The removal of tartar.
A preventive service that involves the use of resin materials to seal the grooves of teeth (similar to applying polyurethane to a wood floor) so that plaque and bacteria can't get in to cause decay.
Service Description Code:
A brief description of the service provided and the American Dental Association Current Dental Terminology (CDT) code that describes the procedure of the service.
Space Maintainer:
A passive appliance placed to prevent the shifting of teeth when a baby tooth is prematurely lost and the permanent teeth in that area haven't erupted yet. It maintains the space for the emerging permanent tooth.
Study Model:
A plaster or stone model of teeth and adjoining tissues. It’s also referred to as a diagnostic cast.
The person who is covered under the plan and represents his/her dependent(s) covered under the plan. Also known as the certificate holder, enrollee or participant.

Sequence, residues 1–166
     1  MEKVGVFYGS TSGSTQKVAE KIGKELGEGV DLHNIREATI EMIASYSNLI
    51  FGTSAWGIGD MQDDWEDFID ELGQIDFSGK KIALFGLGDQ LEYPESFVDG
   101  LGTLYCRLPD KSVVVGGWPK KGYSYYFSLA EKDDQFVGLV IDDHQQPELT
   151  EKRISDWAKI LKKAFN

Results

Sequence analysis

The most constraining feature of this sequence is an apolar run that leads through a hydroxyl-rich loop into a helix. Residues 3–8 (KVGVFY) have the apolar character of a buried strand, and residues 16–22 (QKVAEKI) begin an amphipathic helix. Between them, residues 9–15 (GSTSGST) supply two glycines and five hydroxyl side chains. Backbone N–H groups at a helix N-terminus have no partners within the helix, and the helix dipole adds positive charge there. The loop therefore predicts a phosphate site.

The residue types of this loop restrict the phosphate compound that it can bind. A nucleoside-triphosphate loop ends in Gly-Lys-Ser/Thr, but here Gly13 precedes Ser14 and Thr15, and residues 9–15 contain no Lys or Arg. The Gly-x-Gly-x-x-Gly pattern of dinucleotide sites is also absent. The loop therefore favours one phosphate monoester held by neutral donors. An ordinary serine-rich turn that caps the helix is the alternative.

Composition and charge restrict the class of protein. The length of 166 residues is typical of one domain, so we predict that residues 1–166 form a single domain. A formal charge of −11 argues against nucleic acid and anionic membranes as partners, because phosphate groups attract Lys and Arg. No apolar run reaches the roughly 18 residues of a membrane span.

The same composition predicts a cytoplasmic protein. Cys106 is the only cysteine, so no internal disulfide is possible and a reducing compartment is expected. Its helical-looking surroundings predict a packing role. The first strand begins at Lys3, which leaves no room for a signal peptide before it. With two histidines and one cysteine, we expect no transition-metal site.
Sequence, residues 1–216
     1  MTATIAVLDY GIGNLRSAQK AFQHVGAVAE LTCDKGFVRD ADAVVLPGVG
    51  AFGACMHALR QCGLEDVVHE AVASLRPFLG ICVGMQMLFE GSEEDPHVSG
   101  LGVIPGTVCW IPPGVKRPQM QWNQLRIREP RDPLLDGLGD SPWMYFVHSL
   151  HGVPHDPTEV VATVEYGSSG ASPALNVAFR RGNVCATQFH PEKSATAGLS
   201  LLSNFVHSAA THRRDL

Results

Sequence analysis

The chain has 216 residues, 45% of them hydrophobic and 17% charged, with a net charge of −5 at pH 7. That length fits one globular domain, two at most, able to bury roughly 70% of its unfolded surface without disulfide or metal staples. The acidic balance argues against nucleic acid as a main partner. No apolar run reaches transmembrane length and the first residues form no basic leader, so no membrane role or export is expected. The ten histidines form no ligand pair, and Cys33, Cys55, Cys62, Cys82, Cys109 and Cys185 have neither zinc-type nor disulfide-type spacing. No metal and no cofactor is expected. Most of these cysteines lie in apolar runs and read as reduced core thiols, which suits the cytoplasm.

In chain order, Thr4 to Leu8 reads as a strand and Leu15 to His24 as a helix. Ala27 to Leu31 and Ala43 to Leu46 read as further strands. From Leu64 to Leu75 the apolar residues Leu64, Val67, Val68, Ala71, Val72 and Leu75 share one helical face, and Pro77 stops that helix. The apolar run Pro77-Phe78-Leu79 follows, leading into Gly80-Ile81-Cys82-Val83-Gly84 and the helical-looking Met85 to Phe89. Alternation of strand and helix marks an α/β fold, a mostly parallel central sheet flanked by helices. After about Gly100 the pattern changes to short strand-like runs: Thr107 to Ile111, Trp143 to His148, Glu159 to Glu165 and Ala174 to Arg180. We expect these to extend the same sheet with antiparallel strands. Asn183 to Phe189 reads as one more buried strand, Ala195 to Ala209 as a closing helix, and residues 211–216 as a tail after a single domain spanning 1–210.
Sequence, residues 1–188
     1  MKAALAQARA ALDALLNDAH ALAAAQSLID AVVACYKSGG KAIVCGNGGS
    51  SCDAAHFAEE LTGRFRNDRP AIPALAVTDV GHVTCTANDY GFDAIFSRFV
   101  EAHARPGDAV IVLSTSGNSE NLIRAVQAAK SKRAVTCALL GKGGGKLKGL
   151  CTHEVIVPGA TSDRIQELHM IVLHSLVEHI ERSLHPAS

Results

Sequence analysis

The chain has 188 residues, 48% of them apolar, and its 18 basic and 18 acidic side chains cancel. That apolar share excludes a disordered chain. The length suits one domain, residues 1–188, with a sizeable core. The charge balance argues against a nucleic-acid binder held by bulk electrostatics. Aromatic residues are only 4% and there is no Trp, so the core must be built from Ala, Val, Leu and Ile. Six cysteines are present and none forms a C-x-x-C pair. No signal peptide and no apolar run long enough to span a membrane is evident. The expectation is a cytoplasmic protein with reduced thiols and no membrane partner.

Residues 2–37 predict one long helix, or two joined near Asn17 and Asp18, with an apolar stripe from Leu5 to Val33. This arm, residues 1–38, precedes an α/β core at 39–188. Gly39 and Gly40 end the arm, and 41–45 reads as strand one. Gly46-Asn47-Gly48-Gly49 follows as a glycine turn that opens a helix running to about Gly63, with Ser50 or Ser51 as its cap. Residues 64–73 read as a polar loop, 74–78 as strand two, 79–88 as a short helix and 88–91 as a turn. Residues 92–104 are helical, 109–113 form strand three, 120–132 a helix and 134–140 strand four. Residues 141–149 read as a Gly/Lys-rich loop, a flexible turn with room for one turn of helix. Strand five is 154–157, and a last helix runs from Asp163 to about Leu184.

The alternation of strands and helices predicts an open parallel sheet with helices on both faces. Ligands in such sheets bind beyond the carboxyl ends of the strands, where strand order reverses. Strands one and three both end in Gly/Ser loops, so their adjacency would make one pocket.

A hard deposit on the teeth, consisting of secretions and food particles. This can also be called calculus.
TMJ (Temporomandibular Joint):
The joint between the skull and the mandible.
Tooth pulp:
The nerve, blood and tissues within the crown of the tooth.
An application to the surface of tooth, skin or mucosa.
Transitional Dentition:
Is a combination of both primary (baby) and permanent (adult) teeth in the mouth at the same time. This can also be called mixed dentition.
Transitional Dentition:
Refers to a mixed dentition; begins with the appearance of the permanent first molars and ends with the exfoliation of the deciduous teeth.
Involving or affecting only one side.
The monetary amount of your benefits, as defined by your coverage period that has been disbursed to date.
Waiting Period:
The period between employment or enrollment in a dental program; and the date when a covered person becomes eligible for a given benefit.